And in case this is not enough evidence to convince your boss to incorporate D&D into your professional development (because that’s really why a lot of us are here), ask them to consider D&D’s lessons in work-relevant domains like teamwork, diversity and inclusion.

Perhaps a D&D-inspired mindset can similarly change how we think about our workplaces.

For Your Boss’s Consideration

In D&D, it’s vital that you understand the strengths and weaknesses of your character and your teammates’ characters.

If you’re the wily rogue, you need to pick the lock to sneak into the enemy’s hideout, but then you need to make way for the hardy fighter to hack away at any evil minions that emerge when the bad guys finally realise you’re there.

If you’re the fragile but clever wizard, you need to stay back and thin out the incoming enemy ranks from a safe distance with your magic missiles. If you’re the cleric, everyone counts on you for healing and – occasionally – calling forth the wrath of the gods to smite those hard-to-get creepy-crawlies.

Everyone plays a role. It’s impossible (and much less fun) to do everything by yourself. You need a diversity of tools, skills and experiences to succeed.

Each member is also only empowered when their teammates include them in the effort. Heroism in D&D comes with paying attention to your teammates, embracing who they are and giving them the opportunity to do what they do best.

Heroism is a gift that team members bestow upon one another.

Does this sound familiar? Ideally, this is a heroism that you see and feel in your workplace, but many, unfortunately, have experiences far removed from this ideal.

The Diversity Council Australia reports that nearly a quarter of Australian workers experienced discrimination and/or harassment at work within a twelve-month period. In other countries, like the US and the UK we see a similar picture.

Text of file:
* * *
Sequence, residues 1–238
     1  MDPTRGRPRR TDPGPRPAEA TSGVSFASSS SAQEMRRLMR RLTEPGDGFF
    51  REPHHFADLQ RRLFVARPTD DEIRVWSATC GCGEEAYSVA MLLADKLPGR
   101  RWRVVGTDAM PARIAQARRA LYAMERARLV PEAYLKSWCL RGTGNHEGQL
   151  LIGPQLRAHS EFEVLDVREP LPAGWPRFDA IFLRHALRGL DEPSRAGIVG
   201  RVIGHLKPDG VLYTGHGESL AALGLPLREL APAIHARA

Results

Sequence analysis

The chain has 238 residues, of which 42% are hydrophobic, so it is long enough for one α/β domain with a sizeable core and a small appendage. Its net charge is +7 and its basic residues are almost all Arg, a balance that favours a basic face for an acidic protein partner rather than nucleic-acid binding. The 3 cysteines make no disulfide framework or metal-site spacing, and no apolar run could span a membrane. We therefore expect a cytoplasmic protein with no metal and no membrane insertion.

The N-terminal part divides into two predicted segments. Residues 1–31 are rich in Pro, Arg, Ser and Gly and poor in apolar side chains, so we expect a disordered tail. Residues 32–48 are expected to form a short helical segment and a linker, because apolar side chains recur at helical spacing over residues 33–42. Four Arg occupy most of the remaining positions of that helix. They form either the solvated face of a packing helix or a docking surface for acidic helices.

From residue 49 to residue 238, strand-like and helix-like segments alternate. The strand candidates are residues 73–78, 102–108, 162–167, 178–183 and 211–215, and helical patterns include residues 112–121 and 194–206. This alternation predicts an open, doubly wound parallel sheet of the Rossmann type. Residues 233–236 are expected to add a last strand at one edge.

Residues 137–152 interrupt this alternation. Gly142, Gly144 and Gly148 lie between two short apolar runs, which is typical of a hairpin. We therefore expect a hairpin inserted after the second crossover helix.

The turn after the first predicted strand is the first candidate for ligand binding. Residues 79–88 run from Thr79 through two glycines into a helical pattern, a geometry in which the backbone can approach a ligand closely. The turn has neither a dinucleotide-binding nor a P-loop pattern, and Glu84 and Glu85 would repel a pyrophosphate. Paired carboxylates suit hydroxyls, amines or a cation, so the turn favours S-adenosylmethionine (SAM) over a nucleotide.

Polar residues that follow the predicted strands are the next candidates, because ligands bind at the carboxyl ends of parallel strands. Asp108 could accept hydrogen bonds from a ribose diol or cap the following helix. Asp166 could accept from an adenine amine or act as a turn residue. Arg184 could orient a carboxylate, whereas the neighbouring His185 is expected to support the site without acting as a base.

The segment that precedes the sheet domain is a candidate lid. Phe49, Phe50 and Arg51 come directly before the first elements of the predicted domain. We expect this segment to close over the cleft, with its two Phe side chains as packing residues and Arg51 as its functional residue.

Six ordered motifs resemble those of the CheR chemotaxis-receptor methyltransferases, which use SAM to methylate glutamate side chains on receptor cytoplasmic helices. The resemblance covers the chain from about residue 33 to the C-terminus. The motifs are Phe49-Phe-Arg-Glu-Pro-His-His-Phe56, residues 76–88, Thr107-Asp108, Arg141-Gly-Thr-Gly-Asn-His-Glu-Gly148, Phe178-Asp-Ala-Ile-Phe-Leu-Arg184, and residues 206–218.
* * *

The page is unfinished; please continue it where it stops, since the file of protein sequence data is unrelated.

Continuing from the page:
You need a diversity of tools, skills and experiences to succeed in D&D and in the workplace.

The Next Level

So, it seems we need more understanding, more inclusion, and perhaps – given the game’s potential to promote inclusion – more D&D at work.

And why stop at inclusive team players? With experience, many D&D players come to realise that not all goblins are evil, many dragons want to protect the realm and some dungeons can offer safe sanctuary from a cruel world.

Perhaps a D&D-inspired mindset can similarly change how we think about our professional relationships, stakeholders and work environments.

So, what elements of D&D’s teamwork and heroism can you bring to your workplace?

About the Author

Jesse Olsen is a Senior Lecturer of Management in the Department of Management and Marketing at the University of Melbourne and a Research Associate at the Centre for Asian Business and Economics. He earned his PhD in organisational behaviour from the Scheller College of Business at the Georgia Institute of Technology in Atlanta, USA. His research focuses on improvisation in organisations, diversity management, international/cross-cultural management, and leadership.

This article was first published on Pursuit. Read the original article